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How to create a C extension in Python?

March 06, 2019

You might know that Python is build on top of the C programming language. C is an old, relatively low-level programming language that was first published in 1973. It means that today it has a long history of almost 50 years. That is a very long time for something that technological.

Nowadays C is known to be a very fast programming language. Much faster than Python. All compiled languages are faster than Python, but C is fast even compared to other compiled higher-level languages. Take a look at blog post to check which is the most energy efficient language.

Of course, if the speed of a language was the only criteria in the process of choosing a programming language for a project, everyone would just choose C and be done with it. This is now the case. The main criteria is usually the implementation time. Python is extremely powerful language in terms of implementation time, but it lacks pure speed. In order to overcome this disadvantage, it is possible to implement the most time consuming functions of a program in C and import them directly into the Python program. In this blog post I will show you how to do it on Windows 10. After a bit of research I noticed that there are not so many resources available on the Internet.

I have practically 0 experience on C. The point of this blog post is to show you how to implement a C extension, not to teach you how to program in C.

Setting up the compiler

I am going to assume that you already have Python installed and you know how to use it. If this is the case, the first step for you is to download the correct C compiler and install in on your machine. If you don’t have Python, please install it fist.

You can get the Build Tools for Visual Studio 2017 here. Navigate down to Tools for Visual Studio 2017 and download the Build Tools.

Visual Studio 2017 Build Tools

After the download is complete, run the .exe file and the Visual Studio Installer will be downloaded. Run the installer and select Visual C++ build tools and click Install.

Visual Studio Build Tools Installation

Do not unselect the thee optional components on the right. I first tried installing only the build tools without any of the optionals, but then I wasn’t able to run the compiler. I think that at least the Windows 10 SDK is needed, I am not sure about the other two.

You will need to download 1.1 GB of data, so if you don’t have a modern internet connection it will take a while. You will need to suffer and wait at this point. The positive side is that the installer will start installing the components while the download is ongoing, so when the download is completed, the some of the installation will already be done. Once the installation is done, you can just close the installer and you are good to go.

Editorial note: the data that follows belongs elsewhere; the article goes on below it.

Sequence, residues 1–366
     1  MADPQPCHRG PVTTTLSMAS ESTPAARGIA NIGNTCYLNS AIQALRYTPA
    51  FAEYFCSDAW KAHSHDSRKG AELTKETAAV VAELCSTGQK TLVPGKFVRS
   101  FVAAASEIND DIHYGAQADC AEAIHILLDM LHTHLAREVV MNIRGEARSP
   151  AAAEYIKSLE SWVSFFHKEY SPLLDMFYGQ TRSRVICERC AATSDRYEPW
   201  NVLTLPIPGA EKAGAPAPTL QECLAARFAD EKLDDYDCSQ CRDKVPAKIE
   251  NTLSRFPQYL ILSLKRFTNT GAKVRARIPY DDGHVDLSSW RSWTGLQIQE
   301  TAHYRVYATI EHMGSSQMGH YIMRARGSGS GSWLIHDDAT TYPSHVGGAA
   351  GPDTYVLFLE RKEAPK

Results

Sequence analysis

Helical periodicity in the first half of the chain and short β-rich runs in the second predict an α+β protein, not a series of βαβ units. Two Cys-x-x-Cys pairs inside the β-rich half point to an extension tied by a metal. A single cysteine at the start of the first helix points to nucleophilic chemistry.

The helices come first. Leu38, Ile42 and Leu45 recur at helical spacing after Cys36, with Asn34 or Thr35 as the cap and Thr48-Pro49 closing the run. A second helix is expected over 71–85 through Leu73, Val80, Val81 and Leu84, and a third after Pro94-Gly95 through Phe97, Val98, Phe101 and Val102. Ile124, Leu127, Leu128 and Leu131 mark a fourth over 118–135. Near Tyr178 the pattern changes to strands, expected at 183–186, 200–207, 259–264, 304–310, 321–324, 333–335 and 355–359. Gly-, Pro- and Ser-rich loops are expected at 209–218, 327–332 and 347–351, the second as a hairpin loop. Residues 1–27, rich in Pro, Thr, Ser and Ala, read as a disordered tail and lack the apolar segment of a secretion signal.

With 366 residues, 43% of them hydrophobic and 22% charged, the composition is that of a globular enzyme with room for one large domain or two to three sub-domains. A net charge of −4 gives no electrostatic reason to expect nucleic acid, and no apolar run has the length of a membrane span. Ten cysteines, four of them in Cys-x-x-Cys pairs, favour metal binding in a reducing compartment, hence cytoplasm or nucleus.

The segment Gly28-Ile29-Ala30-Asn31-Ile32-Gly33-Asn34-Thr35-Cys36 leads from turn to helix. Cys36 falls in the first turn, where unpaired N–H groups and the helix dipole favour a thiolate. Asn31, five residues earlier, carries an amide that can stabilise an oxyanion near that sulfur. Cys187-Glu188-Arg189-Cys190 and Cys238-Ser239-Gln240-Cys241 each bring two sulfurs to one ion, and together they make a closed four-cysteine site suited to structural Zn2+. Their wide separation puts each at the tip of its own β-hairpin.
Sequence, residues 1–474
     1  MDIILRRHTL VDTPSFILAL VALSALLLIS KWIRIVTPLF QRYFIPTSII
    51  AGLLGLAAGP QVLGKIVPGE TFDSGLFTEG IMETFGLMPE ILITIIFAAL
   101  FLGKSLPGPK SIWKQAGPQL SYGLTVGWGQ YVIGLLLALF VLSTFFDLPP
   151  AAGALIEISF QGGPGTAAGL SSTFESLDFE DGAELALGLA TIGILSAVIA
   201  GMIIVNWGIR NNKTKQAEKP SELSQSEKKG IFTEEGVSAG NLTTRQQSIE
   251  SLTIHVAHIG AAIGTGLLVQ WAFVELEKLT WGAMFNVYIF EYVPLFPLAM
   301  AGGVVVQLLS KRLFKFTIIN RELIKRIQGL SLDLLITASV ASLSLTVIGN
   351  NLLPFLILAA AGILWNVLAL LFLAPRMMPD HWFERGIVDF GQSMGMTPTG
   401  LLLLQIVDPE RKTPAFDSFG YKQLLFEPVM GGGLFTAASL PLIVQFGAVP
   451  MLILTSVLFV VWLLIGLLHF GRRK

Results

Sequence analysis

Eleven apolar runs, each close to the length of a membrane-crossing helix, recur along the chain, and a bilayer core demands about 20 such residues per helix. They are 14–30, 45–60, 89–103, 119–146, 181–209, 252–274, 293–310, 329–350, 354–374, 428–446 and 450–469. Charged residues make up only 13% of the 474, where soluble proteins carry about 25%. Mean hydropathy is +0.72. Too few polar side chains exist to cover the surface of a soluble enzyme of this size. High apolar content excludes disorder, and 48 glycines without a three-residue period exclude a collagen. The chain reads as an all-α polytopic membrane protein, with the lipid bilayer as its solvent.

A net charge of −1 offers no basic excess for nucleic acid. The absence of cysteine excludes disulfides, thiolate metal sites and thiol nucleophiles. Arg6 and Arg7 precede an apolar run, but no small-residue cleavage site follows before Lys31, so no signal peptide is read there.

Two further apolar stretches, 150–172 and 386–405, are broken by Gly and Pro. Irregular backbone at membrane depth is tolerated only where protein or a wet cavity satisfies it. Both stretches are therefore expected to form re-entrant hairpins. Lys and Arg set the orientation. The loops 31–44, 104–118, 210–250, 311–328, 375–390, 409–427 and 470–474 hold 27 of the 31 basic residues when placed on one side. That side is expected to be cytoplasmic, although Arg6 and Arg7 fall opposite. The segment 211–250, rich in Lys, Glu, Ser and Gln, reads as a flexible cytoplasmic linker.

First lines of C

I suggest you to create a virtual environment for the purpose of this excercise. You do not want to clutter up your main Python installation with these useless C libraries. I am going to assume that you are already familiar with virtual environment so that the post doesn’t become too long.

Go to your project folder and create a file called helloworldmodule.c and the let’s get started.

#include <Python.h>

This line imports the Python header file and make the Python C API available to use. Without this include line you wouldn’t be able to work with Python code. If you created a virtual environment, you should be able to locate the header file in the Include folder of the venv. In my case the path is C:\Users\<Username>\Envs\CExt\Include\Python.h.

Let’s create our first C function.

static PyObject *
helloworld_say_hello(PyObject *self, PyObject *args)
    printf(Hello World\n);


As you can see, the first function we are going to be doing is a simple Hello World. What you see above is a module level python method in C. It is alway the same, only the name naturally may change. The function name is say_hello and it consumes self and *args as its arguments. The type of every Python object in C is PyObject. Then the function simply prints Hello World. Remember that in C you need to worry about line changes manually.

Py_RETURN_NONE; is a curious detail about the function. In Python we are used to that when a function or a method doesn’t return anything, it will still return None. At C level, we need to take care about this manually. If we do not return tell C to return None it will not return anything at Python level. Not even None.

Next we are going to create a method table.

static PyMethodDef HelloWorldMethods[] = {
    {say_hello, helloworld_say_hello, METH_NOARGS, Say Hello World},
    {NULL, NULL, 0, NULL}};